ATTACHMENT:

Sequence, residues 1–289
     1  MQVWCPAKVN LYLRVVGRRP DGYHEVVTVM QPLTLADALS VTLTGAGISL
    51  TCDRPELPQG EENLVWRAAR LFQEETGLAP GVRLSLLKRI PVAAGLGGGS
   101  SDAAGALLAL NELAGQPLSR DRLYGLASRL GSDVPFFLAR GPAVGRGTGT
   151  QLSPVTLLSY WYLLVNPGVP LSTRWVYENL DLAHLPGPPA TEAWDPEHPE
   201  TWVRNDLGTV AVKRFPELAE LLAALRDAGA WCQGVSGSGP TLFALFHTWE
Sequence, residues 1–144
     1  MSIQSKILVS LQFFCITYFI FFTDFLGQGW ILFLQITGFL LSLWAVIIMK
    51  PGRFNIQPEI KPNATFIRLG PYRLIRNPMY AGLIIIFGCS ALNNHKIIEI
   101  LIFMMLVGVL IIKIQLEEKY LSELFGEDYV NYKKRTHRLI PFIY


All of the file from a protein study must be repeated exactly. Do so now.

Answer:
Sequence, residues 1–289
     1  MQVWCPAKVN LYLRVVGRRP DGYHEVVTVM QPLTLADALS VTLTGAGISL
    51  TCDRPELPQG EENLVWRAAR LFQEETGLAP GVRLSLLKRI PVAAGLGGGS
   101  SDAAGALLAL NELAGQPLSR DRLYGLASRL GSDVPFFLAR GPAVGRGTGT
   151  QLSPVTLLSY WYLLVNPGVP LSTRWVYENL DLAHLPGPPA TEAWDPEHPE
   201  TWVRNDLGTV AVKRFPELAE LLAALRDAGA WCQGVSGSGP TLFALFHTWE
Sequence, residues 1–144
     1  MSIQSKILVS LQFFCITYFI FFTDFLGQGW ILFLQITGFL LSLWAVIIMK
    51  PGRFNIQPEI KPNATFIRLG PYRLIRNPMY AGLIIIFGCS ALNNHKIIEI
   101  LIFMMLVGVL IIKIQLEEKY LSELFGEDYV NYKKRTHRLI PFIY